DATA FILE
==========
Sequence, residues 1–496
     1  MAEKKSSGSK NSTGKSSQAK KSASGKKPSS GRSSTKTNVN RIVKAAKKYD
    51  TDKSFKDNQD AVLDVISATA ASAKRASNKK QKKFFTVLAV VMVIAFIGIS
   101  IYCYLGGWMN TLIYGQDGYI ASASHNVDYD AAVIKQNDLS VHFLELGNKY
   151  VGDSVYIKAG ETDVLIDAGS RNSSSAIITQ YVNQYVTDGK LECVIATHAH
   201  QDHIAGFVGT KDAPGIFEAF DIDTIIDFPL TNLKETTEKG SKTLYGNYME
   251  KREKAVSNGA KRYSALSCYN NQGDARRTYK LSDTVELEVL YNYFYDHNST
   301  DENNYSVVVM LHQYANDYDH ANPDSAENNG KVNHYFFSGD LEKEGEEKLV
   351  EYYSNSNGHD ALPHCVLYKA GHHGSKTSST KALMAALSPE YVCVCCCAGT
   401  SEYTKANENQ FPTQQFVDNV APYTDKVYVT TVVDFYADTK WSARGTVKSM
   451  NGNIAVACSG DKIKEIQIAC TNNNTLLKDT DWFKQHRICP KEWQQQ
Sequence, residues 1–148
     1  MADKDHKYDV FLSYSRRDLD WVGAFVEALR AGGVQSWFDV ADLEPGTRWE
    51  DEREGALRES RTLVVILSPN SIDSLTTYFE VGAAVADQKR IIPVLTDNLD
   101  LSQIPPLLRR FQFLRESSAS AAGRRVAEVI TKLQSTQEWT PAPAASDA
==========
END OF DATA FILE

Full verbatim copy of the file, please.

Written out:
Sequence, residues 1–496
     1  MAEKKSSGSK NSTGKSSQAK KSASGKKPSS GRSSTKTNVN RIVKAAKKYD
    51  TDKSFKDNQD AVLDVISATA ASAKRASNKK QKKFFTVLAV VMVIAFIGIS
   101  IYCYLGGWMN TLIYGQDGYI ASASHNVDYD AAVIKQNDLS VHFLELGNKY
   151  VGDSVYIKAG ETDVLIDAGS RNSSSAIITQ YVNQYVTDGK LECVIATHAH
   201  QDHIAGFVGT KDAPGIFEAF DIDTIIDFPL TNLKETTEKG SKTLYGNYME
   251  KREKAVSNGA KRYSALSCYN NQGDARRTYK LSDTVELEVL YNYFYDHNST
   301  DENNYSVVVM LHQYANDYDH ANPDSAENNG KVNHYFFSGD LEKEGEEKLV
   351  EYYSNSNGHD ALPHCVLYKA GHHGSKTSST KALMAALSPE YVCVCCCAGT
   401  SEYTKANENQ FPTQQFVDNV APYTDKVYVT TVVDFYADTK WSARGTVKSM
   451  NGNIAVACSG DKIKEIQIAC TNNNTLLKDT DWFKQHRICP KEWQQQ
Sequence, residues 1–148
     1  MADKDHKYDV FLSYSRRDLD WVGAFVEALR AGGVQSWFDV ADLEPGTRWE
    51  DEREGALRES RTLVVILSPN SIDSLTTYFE VGAAVADQKR IIPVLTDNLD
   101  LSQIPPLLRR FQFLRESSAS AAGRRVAEVI TKLQSTQEWT PAPAASDA